It also meant job security for Brown and the rest of her classmates.
“So now I’m under contract for two years to stay here, which is great because I hadn’t planned on going anywhere else,” she said. “It was an added bonus. Job satisfaction guaranteed.”
Heather De Rosa, another student, said she waited 17 years to go back to school.
“This is incredibly special for me,” she said. “I’m a full-time employee, a full-time mom. And even though I put it off for so long, I finally did this.”
De Rosa said she started the program with a group of friends, who’ve since dropped out.
“But I said I was going to stick with it. I wasn’t going to miss this opportunity,” she said. “I’m just so relieved.”
De Rosa began her career as a registered nurse at Hardin Memorial Hospital.
After waiting 17 years to get her BSN, De Rosa said the partnership with McKendree came about at the perfect time.
“I don’t know if I would have gotten the same education or not,” she said. “All the other programs I was looking at were online, and I knew I needed a classroom setting. I needed that one-on-one with an instructor to be held accountable. I needed other people just to help support me.”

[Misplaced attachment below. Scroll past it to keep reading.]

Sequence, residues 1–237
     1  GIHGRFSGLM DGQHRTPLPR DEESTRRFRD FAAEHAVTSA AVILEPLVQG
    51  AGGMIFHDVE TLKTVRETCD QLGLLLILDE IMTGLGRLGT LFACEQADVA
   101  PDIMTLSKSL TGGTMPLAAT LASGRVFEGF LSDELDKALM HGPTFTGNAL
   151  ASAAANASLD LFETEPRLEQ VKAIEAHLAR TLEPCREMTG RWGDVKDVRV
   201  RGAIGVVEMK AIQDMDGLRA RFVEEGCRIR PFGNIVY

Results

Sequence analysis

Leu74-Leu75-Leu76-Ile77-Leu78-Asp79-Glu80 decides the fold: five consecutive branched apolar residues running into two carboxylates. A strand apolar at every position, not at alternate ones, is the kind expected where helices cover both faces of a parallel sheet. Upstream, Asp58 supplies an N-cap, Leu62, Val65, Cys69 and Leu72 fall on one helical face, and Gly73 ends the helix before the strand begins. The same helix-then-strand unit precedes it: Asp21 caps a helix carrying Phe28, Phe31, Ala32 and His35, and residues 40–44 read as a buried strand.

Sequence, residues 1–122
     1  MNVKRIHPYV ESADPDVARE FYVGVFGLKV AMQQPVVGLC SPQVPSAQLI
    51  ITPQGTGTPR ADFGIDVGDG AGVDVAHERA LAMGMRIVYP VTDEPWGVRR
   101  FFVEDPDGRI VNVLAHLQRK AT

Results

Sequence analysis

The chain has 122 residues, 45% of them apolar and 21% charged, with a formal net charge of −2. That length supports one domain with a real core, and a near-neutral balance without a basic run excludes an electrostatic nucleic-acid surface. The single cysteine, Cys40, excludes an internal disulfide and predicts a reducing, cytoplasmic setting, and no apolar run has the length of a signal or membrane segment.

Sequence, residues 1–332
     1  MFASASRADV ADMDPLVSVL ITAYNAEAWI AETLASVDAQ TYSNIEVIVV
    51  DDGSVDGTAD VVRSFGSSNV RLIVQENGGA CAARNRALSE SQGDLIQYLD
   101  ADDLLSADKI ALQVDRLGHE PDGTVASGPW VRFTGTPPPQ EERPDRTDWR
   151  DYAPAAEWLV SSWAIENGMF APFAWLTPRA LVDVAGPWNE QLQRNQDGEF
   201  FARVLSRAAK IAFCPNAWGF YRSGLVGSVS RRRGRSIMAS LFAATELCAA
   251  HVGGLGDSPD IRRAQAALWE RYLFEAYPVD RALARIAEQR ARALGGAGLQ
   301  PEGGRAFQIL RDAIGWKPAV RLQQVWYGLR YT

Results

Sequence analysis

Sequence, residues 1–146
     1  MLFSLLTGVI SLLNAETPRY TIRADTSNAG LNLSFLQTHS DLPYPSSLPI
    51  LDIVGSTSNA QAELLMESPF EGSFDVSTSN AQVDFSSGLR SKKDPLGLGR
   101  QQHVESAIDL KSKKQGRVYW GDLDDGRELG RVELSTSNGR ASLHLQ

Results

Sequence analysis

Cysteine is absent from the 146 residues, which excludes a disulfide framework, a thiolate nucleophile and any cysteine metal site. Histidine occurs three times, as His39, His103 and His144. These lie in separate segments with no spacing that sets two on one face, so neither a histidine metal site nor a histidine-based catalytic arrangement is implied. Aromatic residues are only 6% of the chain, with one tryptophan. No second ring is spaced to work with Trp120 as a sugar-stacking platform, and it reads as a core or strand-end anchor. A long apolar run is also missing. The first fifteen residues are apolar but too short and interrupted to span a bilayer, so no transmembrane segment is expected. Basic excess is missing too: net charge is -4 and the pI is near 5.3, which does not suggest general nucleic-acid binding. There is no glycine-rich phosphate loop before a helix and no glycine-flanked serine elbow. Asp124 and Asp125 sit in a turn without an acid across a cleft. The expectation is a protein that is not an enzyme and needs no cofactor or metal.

Wright said paying for the education of current employees makes perfect sense, instead of filling gaps in turnover with new hires.
“When you look at the cost of replacing a nurse, it’s about $68,000 to $75,000 in our region,” Wright said. “So compared to that, our investment in education is minor.”
She said 17 more students are going through the program and should graduate next year.
“It’s a pipeline for progression,” Wright said of the partnership with the college. “There is also a cost of quality of care if you can’t keep a consistent nursing service.”
But the hospital hasn’t stopped at educating its nurses when it comes to tackling the career’s landscape. The health group also is fostering interest with the newest generation of nurses.
Through a partnership with Hardin County School’s Early College and Career Center, students are able to take vocational-style classes in the health sciences field, which gives them a boost when it comes time to enter the job market and think about postsecondary education.
“That partnership is so valuable to HMH,” Wright said. “It sparks the interest of local students and gets them a first line look at health care. It helps them decide if they’ll be interested in this field or not.”
Donna Lynch, lead health sciences instructor at EC3, was picked to lead the program after spending 27 years as an instructor in Meade County.